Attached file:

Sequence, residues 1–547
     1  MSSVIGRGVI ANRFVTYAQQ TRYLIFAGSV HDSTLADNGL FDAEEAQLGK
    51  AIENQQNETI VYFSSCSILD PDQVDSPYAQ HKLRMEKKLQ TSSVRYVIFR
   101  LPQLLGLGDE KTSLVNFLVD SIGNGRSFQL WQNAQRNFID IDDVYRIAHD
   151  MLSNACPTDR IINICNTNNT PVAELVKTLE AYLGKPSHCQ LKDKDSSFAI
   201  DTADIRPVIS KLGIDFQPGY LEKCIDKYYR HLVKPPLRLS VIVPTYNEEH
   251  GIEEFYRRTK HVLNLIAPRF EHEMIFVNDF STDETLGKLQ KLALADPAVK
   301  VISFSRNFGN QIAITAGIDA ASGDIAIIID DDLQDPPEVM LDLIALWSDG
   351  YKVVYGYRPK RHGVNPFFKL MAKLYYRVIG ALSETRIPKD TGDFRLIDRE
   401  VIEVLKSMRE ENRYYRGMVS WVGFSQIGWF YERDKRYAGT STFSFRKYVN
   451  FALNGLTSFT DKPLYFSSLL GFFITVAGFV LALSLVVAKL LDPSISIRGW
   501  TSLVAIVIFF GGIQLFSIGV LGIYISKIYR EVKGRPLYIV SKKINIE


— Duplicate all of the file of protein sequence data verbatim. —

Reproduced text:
Sequence, residues 1–547
     1  MSSVIGRGVI ANRFVTYAQQ TRYLIFAGSV HDSTLADNGL FDAEEAQLGK
    51  AIENQQNETI VYFSSCSILD PDQVDSPYAQ HKLRMEKKLQ TSSVRYVIFR
   101  LPQLLGLGDE KTSLVNFLVD SIGNGRSFQL WQNAQRNFID IDDVYRIAHD
   151  MLSNACPTDR IINICNTNNT PVAELVKTLE AYLGKPSHCQ LKDKDSSFAI
   201  DTADIRPVIS KLGIDFQPGY LEKCIDKYYR HLVKPPLRLS VIVPTYNEEH
   251  GIEEFYRRTK HVLNLIAPRF EHEMIFVNDF STDETLGKLQ KLALADPAVK
   301  VISFSRNFGN QIAITAGIDA ASGDIAIIID DDLQDPPEVM LDLIALWSDG
   351  YKVVYGYRPK RHGVNPFFKL MAKLYYRVIG ALSETRIPKD TGDFRLIDRE
   401  VIEVLKSMRE ENRYYRGMVS WVGFSQIGWF YERDKRYAGT STFSFRKYVN
   451  FALNGLTSFT DKPLYFSSLL GFFITVAGFV LALSLVVAKL LDPSISIRGW
   501  TSLVAIVIFF GGIQLFSIGV LGIYISKIYR EVKGRPLYIV SKKINIE